In watersheds like the Bedrock drainage where rivulets once ran only a month a year, the healed watercourses now run for three years at a time, despite the increasing frequency of droughts since the late 1990s. In the Turkey Pen drainage, which seldom ran more than three months a year in the wettest of years, the stream often flows year round, and perennial pools have formed. Water bugs, mud turtles, fish and waterfowl have permanently returned to these watersheds. The Austin’s recovery of borderlands watersheds has been so successful that they have ironically raised the ire of Homeland Security, which claims that the Border Patrol can no longer cross certain streams in their four-wheel drive trucks; the water now flows so deeply!
If all of this rangeland healing emanated only from only one side of the border, environmental justice advocates might categorically dismiss it. But on Rancho Inmaculada, south of Caborca, Sonora, the stewardship initiatives of Ivan Aguirre Ibarra and Martha Darancou de Aguirre have attracted international attention and acclaim in at least three best-selling books. The 26,000acre ranch lies in the driest reaches of the Sonoran Desert, but the amount of grass and soil cover on the inside on Inmaculada’s fence line dwarfs anything found immediately outside the ranch’s boundary.
Inspired by Holistic Resource Management guru Alan Savory, Ivan Aguirre began to work with the desertified ranch his father bought in 1975 and transform it into an oasis where fresh water flows freely and cottonwoods grow. He pays particular attention to the management of native mesquite, chain-sawing its branch-loads of feathery leaves to make tens of thousands of curvilinear windrows that hold soil in place and increase fertility. The larger trunks of pruned mesquite trees are then used to make check dams, parquet tile floors, furniture, doors, charcoal and a soil amendment known as bio-char. Martha’s fine business sense has guided their efforts to develop several mesquite-based cottage industries on the ranch that employ dozens of their neighbors. At the same time, Ivan manages 300 head of Beefmaster cattle and brief periods of game hunting on the ranch that provide other steady revenue streams. All of these economic benefits have accrued, according to Ivan and Martha, through looking at the ranch as a whole ecosystem, then using locally available resources to advance ecological succession and increase biodiversity.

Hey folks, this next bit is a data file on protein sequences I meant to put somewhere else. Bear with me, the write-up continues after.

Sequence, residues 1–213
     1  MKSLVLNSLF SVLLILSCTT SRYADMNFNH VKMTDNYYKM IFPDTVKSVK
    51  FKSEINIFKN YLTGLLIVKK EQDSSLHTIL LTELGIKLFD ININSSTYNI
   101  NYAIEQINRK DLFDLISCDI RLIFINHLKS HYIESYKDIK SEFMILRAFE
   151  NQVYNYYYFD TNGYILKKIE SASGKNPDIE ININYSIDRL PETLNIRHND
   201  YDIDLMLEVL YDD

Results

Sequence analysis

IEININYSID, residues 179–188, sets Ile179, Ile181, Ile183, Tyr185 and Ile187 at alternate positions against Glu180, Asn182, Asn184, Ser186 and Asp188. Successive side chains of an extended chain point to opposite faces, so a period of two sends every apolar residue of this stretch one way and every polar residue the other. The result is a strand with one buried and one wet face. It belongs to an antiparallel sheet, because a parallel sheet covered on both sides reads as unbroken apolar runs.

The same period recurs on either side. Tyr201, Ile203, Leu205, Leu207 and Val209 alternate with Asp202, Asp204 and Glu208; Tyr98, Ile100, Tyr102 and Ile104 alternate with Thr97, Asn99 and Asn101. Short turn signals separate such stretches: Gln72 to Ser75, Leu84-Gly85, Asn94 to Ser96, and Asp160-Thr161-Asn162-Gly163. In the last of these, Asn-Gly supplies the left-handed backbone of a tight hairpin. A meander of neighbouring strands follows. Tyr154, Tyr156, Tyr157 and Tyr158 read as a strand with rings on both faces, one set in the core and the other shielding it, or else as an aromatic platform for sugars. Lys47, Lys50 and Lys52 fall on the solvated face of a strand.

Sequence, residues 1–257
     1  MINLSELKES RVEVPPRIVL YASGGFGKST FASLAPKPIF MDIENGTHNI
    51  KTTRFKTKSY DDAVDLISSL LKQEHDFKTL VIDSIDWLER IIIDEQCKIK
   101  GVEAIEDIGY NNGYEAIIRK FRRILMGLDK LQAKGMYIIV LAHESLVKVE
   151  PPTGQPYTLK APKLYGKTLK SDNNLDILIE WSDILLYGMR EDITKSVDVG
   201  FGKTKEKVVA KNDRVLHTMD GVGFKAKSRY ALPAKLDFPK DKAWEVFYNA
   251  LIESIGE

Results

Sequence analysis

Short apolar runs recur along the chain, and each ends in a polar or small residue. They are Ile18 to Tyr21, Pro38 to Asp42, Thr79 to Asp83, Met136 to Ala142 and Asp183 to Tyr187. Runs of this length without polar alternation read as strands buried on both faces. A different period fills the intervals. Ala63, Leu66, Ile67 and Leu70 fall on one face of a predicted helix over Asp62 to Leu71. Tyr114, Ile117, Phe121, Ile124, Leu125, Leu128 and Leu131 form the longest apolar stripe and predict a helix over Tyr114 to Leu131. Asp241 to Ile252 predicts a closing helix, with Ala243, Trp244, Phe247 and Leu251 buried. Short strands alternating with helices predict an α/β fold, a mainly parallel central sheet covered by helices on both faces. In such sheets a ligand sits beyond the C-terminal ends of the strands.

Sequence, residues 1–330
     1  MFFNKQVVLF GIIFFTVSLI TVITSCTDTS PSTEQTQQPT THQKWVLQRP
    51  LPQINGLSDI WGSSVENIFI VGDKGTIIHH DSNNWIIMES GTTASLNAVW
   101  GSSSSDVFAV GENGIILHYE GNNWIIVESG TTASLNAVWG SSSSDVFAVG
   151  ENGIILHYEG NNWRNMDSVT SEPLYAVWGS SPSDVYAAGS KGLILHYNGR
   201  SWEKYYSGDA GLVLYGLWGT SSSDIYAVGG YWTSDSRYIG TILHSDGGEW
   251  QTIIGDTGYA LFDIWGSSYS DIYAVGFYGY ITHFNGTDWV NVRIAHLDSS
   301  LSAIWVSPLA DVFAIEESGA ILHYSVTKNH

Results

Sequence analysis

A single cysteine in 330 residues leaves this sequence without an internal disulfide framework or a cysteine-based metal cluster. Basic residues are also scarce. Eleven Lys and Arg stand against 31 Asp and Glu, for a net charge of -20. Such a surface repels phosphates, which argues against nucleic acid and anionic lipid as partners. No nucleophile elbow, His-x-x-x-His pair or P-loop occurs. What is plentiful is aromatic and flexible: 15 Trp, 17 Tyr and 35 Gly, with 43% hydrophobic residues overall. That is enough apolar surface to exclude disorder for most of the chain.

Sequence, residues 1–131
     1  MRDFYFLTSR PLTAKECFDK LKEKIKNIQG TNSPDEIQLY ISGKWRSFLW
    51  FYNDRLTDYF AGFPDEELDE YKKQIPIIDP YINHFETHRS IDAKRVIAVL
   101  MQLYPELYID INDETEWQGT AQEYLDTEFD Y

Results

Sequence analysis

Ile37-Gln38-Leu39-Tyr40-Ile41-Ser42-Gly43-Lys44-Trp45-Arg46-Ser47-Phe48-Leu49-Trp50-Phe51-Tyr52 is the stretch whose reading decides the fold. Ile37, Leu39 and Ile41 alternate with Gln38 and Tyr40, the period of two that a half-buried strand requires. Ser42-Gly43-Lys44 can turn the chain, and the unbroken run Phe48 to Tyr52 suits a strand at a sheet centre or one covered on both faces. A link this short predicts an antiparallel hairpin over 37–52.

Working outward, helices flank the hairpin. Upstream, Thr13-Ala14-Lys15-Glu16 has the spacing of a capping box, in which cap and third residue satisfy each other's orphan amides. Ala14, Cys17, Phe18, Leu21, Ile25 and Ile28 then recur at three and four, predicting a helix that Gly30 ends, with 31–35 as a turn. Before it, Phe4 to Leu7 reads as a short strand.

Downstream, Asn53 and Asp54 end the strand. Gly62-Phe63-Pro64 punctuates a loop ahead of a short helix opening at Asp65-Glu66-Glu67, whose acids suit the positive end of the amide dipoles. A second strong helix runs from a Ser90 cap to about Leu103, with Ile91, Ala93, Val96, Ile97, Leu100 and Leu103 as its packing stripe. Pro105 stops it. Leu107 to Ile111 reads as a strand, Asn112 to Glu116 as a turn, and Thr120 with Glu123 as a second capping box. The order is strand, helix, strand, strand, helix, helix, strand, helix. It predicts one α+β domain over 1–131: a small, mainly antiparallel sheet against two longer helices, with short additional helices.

Joe Quiroga, Valer and Jho Austin, and Ivan and Martha Aguire share something special in addition to living on some of the most beautiful and healthy ranches remaining in the borderlands: they each take the long view of land health and have linked it to their own health. They remind me of what the great conservationist Aldo Leopold first learned 60 years ago when he observed abundant soil, grass and deer resting behind the check dams built centuries earlier in the Rio Gavilán of Chihuahua:
“I first clearly realized that the land is an organism [and] that in all my life [before coming to the borderlands] I had only seen sick land, whereas here was a biota still in perfect aboriginal health.”
I hear the terms “environmental health” and “ecosystem health” often bandied about these days, but oftentimes without acknowledgement of the fact that when Leopold first coined the term, the beneficial actions of land stewards from the border’s many cultures was deeply embedded in his concept. Skeptics who believe that humans can only harm the land and deplete its biodiversity would do well to follow Joe Quiroga, the Austins or the Aguirres out onto their lands to see, first hand, the abundance they have nurtured.
Gary Nabhan is co-author of the book